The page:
6. Challenges – disease, temperature variation, mating ratios, parasites.

Environment – Temperature

The relationship between temperature and the effect it has on bird performance is often overlooked, especially when considering feed allocation and nutrient intake. Many managers feed the same feed amount for age throughout the year, regardless of environmental temperature.

Flocks peaking during the hotter months of the year would normally be allocated a lower peak feed amount and possibly have feed withdrawn more quickly after peak. However, feed amounts must be reviewed if there is a fall in temperature. Feed may need to be increased or held at a higher or more static level as production progresses through the winter or colder months. This will improve persistency without the occurrence of excess increases in female body weight.

A winter peaking flock will generally need a higher peak feed amount but it will be possible to withdraw feed post-peak more quickly during the summer or hotter periods of the year. This reduces the potential for a flock to become overweight, while also maintaining persistency.

When managed in closed-type housing, total cumulative post-peak feed withdrawal amounts from peak to end of lay can typically range from 10 to 11 per cent for a winter-peaking flock and eight to 10 per cent for a summer-peaking flock (based on body weight, egg production and feed levels given in the Global Performance Objectives).

In addition, it is important that feed intake is altered as operating temperature differs from 20°C (68°F). Energy intakes must be altered to account for changes in temperature. A basic rule is that:

For every 1°C (2°F) change from 20°C (68°F) between 15°C and 25°C (59 to 77°F) females will need an increase in energy of approximately one per cent per day per degree change.

For example, for a reduction in temperature from 20 to 15°C (68 to 59°F), females will require a five per cent increase in feed or an extra 25 to 30kcal of energy (9-10g / 0.3-0.4oz extra feed) per bird per day based on a 2,800kcal ME per kg diet. For an increase in daily average temperature from 20 to 25°C (68 to 77°F), females will require approximately a 25 to 30kcal reduction in daily energy intake (9-10g / 0.3-0.4oz less feed) based on a 2,800kcal ME per kg diet.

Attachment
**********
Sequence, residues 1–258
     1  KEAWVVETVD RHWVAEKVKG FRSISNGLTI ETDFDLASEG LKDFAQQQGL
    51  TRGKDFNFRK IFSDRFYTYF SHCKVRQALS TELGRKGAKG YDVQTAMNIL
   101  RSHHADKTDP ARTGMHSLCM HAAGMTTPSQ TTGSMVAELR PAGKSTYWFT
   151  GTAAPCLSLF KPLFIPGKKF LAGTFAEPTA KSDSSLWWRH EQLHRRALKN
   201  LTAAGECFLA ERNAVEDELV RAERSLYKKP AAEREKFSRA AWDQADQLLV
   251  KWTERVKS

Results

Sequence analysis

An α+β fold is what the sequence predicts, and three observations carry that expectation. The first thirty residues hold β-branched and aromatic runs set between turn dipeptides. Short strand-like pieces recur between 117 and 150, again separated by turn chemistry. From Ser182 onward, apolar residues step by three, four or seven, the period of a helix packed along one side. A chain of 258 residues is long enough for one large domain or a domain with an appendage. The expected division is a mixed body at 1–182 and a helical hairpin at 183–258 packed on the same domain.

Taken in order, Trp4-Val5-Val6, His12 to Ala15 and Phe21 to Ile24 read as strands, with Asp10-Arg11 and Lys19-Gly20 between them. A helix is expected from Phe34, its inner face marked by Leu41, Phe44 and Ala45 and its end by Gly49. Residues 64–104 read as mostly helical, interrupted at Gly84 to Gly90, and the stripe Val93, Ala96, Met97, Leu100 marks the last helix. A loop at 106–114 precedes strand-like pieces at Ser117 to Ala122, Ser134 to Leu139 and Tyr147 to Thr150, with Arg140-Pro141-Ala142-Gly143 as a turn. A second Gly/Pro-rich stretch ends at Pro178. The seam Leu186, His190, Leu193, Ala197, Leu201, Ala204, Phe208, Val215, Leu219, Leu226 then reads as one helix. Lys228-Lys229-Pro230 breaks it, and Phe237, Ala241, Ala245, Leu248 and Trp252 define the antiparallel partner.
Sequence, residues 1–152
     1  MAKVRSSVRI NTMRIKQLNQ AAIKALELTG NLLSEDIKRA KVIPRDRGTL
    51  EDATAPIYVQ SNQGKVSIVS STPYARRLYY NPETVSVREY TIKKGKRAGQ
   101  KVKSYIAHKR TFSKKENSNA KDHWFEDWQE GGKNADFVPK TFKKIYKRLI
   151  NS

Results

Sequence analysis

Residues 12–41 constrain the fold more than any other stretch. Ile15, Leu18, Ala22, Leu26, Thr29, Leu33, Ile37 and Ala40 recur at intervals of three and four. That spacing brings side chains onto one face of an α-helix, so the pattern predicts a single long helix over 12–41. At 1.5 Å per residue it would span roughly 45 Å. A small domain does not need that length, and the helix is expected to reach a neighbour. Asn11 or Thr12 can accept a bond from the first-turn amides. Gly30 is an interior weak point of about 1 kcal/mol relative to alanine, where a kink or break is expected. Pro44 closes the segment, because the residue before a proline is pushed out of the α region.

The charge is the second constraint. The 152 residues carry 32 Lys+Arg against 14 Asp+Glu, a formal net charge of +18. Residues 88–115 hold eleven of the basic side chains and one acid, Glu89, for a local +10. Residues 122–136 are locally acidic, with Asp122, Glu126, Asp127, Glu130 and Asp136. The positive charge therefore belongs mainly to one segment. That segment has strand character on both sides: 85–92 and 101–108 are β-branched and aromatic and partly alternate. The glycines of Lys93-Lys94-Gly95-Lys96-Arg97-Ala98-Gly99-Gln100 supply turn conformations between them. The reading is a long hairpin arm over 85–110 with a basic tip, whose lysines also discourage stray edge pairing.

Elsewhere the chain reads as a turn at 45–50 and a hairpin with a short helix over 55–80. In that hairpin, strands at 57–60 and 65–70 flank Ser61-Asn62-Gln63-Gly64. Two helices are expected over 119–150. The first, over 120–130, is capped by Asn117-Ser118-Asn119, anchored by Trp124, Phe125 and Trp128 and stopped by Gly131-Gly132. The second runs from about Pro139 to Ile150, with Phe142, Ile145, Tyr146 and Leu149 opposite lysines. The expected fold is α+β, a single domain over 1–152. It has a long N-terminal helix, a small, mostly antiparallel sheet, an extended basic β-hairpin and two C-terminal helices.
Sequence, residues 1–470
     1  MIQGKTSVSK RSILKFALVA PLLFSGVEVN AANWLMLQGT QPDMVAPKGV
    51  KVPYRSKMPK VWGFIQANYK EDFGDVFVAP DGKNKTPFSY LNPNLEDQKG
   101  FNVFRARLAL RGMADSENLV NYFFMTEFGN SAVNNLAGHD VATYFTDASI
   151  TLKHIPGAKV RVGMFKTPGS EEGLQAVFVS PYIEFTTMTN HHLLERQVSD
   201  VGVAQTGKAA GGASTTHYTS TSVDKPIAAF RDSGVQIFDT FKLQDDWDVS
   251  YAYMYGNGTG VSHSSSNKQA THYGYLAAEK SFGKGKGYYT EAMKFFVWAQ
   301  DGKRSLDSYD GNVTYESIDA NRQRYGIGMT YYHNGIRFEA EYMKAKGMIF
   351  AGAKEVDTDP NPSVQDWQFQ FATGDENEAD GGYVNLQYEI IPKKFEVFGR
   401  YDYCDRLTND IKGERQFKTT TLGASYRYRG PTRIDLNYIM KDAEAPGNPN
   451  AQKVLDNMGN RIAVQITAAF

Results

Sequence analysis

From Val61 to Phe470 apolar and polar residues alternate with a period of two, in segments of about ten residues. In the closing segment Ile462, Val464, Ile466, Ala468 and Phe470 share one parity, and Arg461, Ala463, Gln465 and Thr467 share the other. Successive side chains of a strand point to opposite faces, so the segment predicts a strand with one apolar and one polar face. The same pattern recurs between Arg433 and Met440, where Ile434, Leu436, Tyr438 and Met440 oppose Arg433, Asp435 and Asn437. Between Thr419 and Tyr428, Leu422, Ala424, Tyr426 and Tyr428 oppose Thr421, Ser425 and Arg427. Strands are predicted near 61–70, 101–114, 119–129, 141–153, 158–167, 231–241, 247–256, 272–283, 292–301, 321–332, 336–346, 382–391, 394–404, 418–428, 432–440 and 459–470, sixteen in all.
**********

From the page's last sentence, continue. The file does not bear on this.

It is essential that the changing energy requirements of the bird caused by changing environmental temperatures are taken into account. However, altering feed intake in response to changes in temperature is not straight forward and feed allocation, egg production levels, egg weight, egg mass, and body weight must also be considered before any changes are made.

Environment – lighting and persistency

In order to dissipate juvenile photorefractoriness, birds must experience at least 18 weeks of short daylengths (eight hours) during rearing. Birds can then be given, and will be able to respond to, an increase in daylength (light stimulation), thus initiating production. However, after prolonged exposure to long daylengths (more than 11 hours), birds become adult photorefractory. This means that they are no longer able to respond to a long stimulatory daylength and production begins to decline with age (the normal egg production curve). It is recommended that in lay, a daylength of 13 to 14 hours of light is provided. Providing more than 14 hours of light to a flock during lay will generally lead to that flock exhibiting poorer persistency because the onset of adult photorefractoriness will be advanced and production will decline more rapidly.